Support for Black Lives Matter radicalism hits skids

Black Lives Matter activists confront a woman at a D.C. restaurant Aug. 24, 2020 (video screenshot)

Support for the radicalism of the Black Lives Matter agenda surged a year ago amid the controversial deaths of several blacks at the hands of police in America.

The George Floyd case already has resulted in the conviction of one former officer.

But now that support is falling, according to Civiqs, an online polling company.

According to a commentary in the New York Times, “After Mr. Floyd’s death, Republicans reported much stronger support for Black Lives Matter than they had earlier in 2020. For a party often characterized by its racial insensitivity and antagonism toward racial minorities, this increase in support was striking. But perhaps even more striking is its rapid decline.”

The Post Millennial explained, “Black Lives Matter initially boasted support from individuals in both Democrat and Republican parties, until riots perpetuated by BLM and other far-left groups, were at the forefront of the destruction of U.S. cities. Property damage, arsons, looting, assaults on law enforcement officers and civilians; are only a few examples of the violence our cities endured.”

Republicans quickly withdrew their backing, the report said, when “the BLM founders made it clear they had an alternative agenda and were a Marxist organization with goals of abolishing police departments.”

“The data indicates that prior to the nation’s civil unrest, which was most prominently seen in cities like Seattle, Portland, Wisconsin, and New York, Black Lives Matter gained Republican support after the death of George Floyd. Although because of BLM’s actions, Republican support for the movement was nearly wiped clean by 2021,” it continued.

The Civiqs details revealed “support for Black Lives Matter skyrocketing in 2020 after the police-involved deaths of Breonna Taylor, Ahmaud Arbery, and George Floyd. However, George Floyd’s death sparked massive civil unrest across the United States, and as a result, support for the movement took a steep nosedive.”

That drop in support also involved minority communities, the polling noted.

The details in the Times were from Jennifer Chudy, a teacher at Wellesley College who studies “white racial guilt,” and Hakeem Jefferson, who studies “race and identity” at Stanford.

They said America’s “racial reckoning” featured “protesters” in the streets, books on racism soaring and surveys suggesting “white Americans, many of whom had long opposed efforts to advance the goals of racial equality, were having a change of heart.”

But they explained the “general picture contradicts the idea that the country underwent a racial reckoning. Last summer, as Black Americans turned their sorrow into action, attitudes — especially white attitudes — shifted from tacit support to outright opposition.”

The biggest drops in support appear to be among “Republicans and white Americans, two large and often overlapping groups,” they wrote.

“Like other racial groups, white Americans were more supportive of B.L.M. following Mr. Floyd’s murder. This sentiment, however, did not last long and, as with Republicans, support eventually plunged.”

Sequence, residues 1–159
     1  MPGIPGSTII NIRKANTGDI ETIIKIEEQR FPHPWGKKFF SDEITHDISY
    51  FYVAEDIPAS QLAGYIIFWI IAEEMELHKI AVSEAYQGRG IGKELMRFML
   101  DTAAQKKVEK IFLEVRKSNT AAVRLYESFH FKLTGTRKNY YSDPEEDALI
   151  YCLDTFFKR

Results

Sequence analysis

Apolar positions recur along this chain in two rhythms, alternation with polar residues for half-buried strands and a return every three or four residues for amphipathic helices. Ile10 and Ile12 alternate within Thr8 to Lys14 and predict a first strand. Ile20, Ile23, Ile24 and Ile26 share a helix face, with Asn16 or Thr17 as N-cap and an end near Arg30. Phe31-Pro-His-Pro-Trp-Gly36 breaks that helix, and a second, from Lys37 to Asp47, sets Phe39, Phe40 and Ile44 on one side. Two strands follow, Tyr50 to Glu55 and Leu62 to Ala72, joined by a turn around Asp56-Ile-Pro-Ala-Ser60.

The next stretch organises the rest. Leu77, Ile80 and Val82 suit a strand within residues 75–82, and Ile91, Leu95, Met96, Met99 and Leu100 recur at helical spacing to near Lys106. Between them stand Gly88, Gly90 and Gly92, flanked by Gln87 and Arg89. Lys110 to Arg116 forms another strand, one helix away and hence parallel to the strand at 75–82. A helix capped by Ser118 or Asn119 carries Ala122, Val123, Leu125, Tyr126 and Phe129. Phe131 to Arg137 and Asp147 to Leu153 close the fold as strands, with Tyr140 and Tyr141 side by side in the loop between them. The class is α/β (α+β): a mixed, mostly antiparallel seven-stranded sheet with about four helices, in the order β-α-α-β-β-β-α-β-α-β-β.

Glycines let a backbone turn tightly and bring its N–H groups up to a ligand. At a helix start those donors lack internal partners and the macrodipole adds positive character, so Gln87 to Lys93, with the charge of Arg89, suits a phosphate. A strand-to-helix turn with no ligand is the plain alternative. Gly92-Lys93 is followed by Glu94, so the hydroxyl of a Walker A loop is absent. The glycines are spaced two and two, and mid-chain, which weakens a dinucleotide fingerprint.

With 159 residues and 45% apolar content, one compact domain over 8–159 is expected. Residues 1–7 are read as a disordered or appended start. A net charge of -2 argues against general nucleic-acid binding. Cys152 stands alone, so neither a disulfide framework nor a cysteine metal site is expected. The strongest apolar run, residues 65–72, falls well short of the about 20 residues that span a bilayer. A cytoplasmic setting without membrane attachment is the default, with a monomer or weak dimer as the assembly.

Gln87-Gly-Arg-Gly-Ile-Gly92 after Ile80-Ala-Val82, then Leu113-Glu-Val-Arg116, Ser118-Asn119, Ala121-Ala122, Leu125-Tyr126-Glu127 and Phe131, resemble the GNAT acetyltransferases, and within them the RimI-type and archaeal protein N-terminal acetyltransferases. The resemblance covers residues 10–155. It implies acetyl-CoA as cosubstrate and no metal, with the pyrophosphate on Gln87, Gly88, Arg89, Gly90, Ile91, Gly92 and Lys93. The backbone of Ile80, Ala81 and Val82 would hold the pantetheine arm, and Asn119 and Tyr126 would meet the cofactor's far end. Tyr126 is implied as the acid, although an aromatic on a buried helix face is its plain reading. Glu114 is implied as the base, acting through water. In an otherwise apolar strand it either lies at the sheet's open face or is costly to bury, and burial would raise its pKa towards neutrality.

The result has meant that “aggregate support” for the leftist movement “has waned since last summer.”

“The deterioration in support is noteworthy because we do not merely observe a return to pre-Floyd opinion levels. Rather, since last summer, Republicans and white people have actually become less supportive of Black Lives Matter than they were before the death of George Floyd — a trend that seems unlikely to reverse anytime soon,” they wrote.

The commentary writers speculate that the surge in support likely was because of the horrific nature of what the video of George Floyd’s death revealed.

“Keep in mind, even Donald Trump remarked, after seeing the video, ‘It doesn’t get any worse than that,'” they wrote.

Aggravating the situation was the global pandemic.

“But both the grief of the pandemic and the shock of the video are temporary. And if high levels of support for B.L.M. following George Floyd’s death were surprising, the quick about-face was anything but.”

The authors charge that “the precipitous decline in support, especially among Republicans and white Americans,” was because of “politicization of the issue by elites.”

The polling company explained that support for the BLM movement surged upward to 53% amid 2020’s violence, but has since fallen steadily to about 47% now. Meanwhile, opposition to the ideas, which had been on a slow decline for several years, rocketed upward in 2020 and has been steady since, at about 40%.

Pluralities of several upper age groups oppose it, as do men.

The results show that the divide irreconcilably divides the two political parties, as 87% of Democrats support the movement, and 83% of Republicans oppose it.

The Post Millennial said, “Civiqs data also showed that minorities are more in favor of supporting Black Lives Matter than their white counterparts. However, it’s important to note that the chart shows Black Lives Matter gaining immense support from white people in 2020 but lost support in response to the civil unrest that plagued the nation. Minority support for Black Lives Matter also fell by 2021, although the data shows a less drastic drop than the support from white people.”

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This article was originally published by the WND News Center.

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